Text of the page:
Women in Construction Rasa Miknevičiūtė (IOSH)

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In honour of International Women’s Day, we are shining a spotlight on some of our brilliant female employees who are in roles that may be considered as traditionally male. We have asked six of our employees about their experiences at Lancer Scott and within the construction industry in general. Here we talk to Rasa Miknevičiūtė (IOSH) who is a HSEQ Advisor with the company.

Have you always wanted to pursue a career as a H&S Advisor?

A short answer is “No”. And it’s not because I think that construction industry is something where women doesn’t belong, it’s purely because I wasn’t aware of any career opportunities in such industry. Originally I’m from Lithuania, and once I’ve finished the high school I started studying law, however, it just happened that I’ve decided to move to UK back in 2010, that’s were I thought I would continue my studies. However, a few years later, I happened to join one of the construction companies in Bristol and that’s where my journey in Health and Safety has began.

And so far, after being in the industry for some time now, I absolutely love it!

Do you feel there is still a stigma around women working within construction?

I personally don’t feel to be any different or treated differently from anyone else working in construction. However, I would be lying if I said that I’ve never experienced any inappropriate comments whilst carrying out H&S inspections on construction sites. However, over the time I have learned that it takes time for the perception of women in construction to fully change.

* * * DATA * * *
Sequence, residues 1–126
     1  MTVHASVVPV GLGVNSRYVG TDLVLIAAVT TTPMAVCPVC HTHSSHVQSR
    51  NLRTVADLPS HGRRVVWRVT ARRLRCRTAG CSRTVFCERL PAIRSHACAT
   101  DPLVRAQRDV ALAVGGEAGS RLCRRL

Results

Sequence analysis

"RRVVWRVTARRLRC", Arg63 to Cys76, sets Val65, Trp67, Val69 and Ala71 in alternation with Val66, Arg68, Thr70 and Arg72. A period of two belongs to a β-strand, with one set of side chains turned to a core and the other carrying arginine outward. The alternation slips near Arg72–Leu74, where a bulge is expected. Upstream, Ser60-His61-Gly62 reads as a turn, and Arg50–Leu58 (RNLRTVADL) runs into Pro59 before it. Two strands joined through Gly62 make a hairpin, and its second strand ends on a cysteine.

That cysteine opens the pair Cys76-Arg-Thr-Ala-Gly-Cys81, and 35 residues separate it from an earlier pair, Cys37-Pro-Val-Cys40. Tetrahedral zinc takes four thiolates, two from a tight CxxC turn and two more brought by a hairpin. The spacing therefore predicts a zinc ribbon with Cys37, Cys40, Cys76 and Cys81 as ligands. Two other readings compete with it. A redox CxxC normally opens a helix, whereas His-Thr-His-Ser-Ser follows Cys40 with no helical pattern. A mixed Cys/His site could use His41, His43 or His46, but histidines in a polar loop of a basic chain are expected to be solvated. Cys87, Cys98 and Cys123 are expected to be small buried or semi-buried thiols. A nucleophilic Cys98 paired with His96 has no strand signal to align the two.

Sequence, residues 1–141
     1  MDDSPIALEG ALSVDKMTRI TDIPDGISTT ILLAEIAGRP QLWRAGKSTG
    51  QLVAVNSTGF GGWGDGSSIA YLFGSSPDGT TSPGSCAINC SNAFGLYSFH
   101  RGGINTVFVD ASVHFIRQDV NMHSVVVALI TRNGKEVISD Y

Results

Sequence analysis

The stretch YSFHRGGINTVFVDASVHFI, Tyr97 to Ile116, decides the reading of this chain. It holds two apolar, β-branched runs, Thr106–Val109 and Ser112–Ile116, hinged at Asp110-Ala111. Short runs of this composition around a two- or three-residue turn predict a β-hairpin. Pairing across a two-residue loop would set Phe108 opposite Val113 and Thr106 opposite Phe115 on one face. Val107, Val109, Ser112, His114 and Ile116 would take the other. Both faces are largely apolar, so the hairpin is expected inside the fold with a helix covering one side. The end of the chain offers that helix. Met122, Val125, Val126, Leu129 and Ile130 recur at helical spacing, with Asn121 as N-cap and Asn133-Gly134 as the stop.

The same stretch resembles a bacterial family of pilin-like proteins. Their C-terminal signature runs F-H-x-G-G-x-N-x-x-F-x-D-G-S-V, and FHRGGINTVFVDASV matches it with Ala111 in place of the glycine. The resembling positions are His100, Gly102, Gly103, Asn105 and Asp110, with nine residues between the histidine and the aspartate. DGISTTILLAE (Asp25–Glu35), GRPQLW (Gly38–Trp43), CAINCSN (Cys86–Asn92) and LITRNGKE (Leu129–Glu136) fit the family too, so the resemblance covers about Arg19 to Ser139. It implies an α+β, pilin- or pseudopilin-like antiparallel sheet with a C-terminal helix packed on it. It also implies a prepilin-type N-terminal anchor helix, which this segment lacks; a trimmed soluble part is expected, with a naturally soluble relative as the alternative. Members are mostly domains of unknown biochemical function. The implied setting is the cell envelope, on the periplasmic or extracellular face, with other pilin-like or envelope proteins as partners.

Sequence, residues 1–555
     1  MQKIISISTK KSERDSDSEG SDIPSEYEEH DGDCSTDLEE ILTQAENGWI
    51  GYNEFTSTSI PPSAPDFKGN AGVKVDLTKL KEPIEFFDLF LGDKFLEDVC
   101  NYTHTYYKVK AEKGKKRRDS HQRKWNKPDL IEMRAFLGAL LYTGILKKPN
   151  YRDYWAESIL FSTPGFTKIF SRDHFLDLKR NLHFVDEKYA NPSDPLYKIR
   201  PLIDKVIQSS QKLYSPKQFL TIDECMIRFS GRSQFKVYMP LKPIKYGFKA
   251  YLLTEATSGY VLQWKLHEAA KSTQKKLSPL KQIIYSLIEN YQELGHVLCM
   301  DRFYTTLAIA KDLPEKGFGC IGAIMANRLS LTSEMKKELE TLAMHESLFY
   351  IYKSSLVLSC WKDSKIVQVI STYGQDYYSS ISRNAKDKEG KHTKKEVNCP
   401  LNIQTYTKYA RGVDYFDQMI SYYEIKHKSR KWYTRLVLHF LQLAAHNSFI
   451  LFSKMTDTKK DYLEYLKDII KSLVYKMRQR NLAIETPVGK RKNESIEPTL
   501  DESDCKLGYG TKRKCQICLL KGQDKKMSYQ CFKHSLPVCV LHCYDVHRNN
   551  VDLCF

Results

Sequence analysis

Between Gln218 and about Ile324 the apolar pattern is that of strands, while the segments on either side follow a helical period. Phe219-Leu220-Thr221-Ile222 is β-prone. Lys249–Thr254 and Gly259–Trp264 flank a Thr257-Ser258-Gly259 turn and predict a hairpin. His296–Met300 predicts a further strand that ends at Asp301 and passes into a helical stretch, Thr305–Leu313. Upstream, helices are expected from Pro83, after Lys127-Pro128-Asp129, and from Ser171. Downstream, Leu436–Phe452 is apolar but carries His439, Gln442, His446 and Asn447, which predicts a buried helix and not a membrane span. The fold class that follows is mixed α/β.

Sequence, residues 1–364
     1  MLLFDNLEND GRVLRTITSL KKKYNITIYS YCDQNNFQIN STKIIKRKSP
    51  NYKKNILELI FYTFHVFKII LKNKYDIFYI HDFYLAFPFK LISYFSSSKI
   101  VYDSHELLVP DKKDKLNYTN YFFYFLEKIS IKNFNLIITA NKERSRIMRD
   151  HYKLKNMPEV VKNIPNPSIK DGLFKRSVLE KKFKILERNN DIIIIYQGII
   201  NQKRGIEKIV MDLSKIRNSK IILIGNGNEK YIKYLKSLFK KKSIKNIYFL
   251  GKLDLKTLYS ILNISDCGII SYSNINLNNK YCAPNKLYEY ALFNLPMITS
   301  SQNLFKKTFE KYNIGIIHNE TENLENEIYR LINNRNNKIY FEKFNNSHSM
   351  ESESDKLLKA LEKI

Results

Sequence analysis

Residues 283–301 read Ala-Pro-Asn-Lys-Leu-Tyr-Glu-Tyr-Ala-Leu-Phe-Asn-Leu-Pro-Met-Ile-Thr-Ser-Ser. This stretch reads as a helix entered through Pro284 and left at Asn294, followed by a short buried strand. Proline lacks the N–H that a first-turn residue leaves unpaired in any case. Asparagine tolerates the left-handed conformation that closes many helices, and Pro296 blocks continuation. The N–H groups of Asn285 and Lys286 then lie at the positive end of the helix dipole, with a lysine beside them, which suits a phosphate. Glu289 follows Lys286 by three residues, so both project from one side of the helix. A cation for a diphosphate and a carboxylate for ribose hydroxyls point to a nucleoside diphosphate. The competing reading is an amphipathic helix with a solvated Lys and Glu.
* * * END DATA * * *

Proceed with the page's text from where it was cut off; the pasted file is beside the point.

Tell us a little bit of what a typical day at work involves.

Lancer Scott construction projects are based across the England and Wales, so it certainly involves a lot of travelling. I would be carrying out the H&S inspections and ensuring that the high standards of H&S is met on all projects, whilst working closely with project management teams and contractors. Some days, involves accidents / incidents investigations and meetings with senior management to discuss the H&S performance on Lancer Scott sites.

Do you think more needs to be done to encourage women to pursue a career in the construction industry?

I would say yes, I do believe that there are a lot of talented young women who wouldn’t even consider to pursue a career in the construction industry, simply only because it is not advertised well enough.

What has been the most surprising part of being a woman working in construction?

A most surprising and / or favourite thing about working in construction is that there will never be a day I know everything about the industry. Every day is different and it’s never boring.